Feldman knew from his earlier work that a protein called KLF-15 plays a role in metabolism and the function of fat cells. This protein is one of a family of 17 Kruppel-like factors (KLFs), which are zinc finger motifs containing transcription factors that regulate development and systemic metabolism, the team explained. “We, and others have found that the Klf family member Kllf15 affects adipose tissue, including regulating adipogenesis, lipid storage and BAT.

With postdoctoral scholar Li, Feldman decided to investigate how the protein functioned in mice, which retain brown fat throughout their lives. They first found that found that KLF-15 was much less abundant in white fat cells than in brown or beige fat cells. “Strikingly, we found that the expression level of Klf15 is approximately 75% lower in brown adipose tissue (BAT) than in white (WAT),” they wrote. “These results suggest physiological implications for these differences, including raising the possibility of a requirement to downregulate Klf15 levels for proper brown fat function.”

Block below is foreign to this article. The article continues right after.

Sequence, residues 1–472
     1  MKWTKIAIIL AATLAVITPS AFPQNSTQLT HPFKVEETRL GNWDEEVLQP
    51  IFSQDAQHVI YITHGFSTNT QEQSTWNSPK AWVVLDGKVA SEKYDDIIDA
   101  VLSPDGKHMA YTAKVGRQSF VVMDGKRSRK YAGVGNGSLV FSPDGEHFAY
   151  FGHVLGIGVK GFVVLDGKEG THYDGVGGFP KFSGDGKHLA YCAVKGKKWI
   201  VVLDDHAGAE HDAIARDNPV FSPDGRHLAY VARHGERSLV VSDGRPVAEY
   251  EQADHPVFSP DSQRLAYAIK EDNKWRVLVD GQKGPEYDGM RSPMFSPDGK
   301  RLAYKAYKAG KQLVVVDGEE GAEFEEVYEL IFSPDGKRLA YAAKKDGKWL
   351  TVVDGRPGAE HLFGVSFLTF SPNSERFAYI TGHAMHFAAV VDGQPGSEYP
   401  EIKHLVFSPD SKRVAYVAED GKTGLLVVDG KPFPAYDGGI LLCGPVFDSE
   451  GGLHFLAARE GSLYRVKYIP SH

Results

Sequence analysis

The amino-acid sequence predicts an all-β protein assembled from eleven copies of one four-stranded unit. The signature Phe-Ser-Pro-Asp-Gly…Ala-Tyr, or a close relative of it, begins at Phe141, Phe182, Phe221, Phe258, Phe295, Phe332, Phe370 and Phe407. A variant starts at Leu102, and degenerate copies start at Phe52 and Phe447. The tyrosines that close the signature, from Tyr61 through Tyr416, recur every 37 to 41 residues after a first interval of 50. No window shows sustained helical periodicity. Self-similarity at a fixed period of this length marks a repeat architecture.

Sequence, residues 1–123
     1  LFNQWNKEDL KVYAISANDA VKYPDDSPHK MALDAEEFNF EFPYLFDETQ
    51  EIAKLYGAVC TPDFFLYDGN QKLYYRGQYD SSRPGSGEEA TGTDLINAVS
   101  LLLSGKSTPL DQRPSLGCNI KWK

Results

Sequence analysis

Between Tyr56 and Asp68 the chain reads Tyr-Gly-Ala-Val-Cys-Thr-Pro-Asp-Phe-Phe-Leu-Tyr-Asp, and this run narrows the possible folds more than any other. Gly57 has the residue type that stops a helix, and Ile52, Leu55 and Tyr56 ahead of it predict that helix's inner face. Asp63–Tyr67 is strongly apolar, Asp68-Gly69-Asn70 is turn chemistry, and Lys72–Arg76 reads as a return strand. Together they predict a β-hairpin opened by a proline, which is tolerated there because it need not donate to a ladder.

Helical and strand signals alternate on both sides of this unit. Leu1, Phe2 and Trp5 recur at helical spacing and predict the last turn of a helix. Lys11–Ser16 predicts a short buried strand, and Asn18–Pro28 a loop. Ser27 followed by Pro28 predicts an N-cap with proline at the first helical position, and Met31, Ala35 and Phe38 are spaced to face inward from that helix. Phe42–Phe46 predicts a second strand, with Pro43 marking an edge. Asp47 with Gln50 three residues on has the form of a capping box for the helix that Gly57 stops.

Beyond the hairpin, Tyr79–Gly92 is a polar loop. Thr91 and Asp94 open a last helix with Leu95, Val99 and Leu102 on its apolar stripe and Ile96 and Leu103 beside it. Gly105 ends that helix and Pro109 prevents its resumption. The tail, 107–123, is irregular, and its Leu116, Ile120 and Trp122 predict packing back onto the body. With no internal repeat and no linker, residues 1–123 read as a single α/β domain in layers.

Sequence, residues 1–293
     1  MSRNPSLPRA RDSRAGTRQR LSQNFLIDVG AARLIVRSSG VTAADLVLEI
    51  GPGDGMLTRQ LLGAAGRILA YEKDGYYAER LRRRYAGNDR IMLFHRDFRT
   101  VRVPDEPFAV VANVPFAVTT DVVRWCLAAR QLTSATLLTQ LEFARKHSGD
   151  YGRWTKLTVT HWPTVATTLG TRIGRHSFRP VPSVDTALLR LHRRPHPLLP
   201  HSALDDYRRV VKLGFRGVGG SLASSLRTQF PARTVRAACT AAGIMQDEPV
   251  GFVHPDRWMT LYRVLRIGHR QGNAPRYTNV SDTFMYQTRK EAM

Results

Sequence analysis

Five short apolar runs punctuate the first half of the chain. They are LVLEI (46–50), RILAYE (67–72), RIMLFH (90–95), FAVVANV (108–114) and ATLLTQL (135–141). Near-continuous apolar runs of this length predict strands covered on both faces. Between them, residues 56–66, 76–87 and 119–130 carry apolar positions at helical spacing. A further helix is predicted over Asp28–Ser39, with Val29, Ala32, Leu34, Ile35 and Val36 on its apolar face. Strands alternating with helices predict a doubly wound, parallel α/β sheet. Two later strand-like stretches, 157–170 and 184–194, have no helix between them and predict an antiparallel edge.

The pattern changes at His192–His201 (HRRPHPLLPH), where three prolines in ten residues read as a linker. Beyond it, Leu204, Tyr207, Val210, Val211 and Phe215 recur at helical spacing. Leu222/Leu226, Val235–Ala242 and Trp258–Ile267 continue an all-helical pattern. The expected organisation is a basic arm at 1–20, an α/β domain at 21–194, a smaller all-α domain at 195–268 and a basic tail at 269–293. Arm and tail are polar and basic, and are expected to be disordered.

When they then bred mice with white fat cells that lacked KLF-15, the mice converted them from white to beige. Not only could the fat cells switch from one form into another, but without the protein, the default setting in mature adipocytes appeared to be beige. The researchers then looked at how KLF-15 exerts this influence. They cultured human fat cells and found that the protein controls the abundance of a receptor called Adrb1, which helps maintain energy balance “We revealed that deletion of Klf15 is sufficient to induce beige adipocyte properties and that KLF15’s direct regulation of Adrb1 is a critical molecular mechanism for this process,” they stated. “We uncovered that this activity is cell autonomous but has systemic implications in mouse models and is conserved in primary human adipose cells.”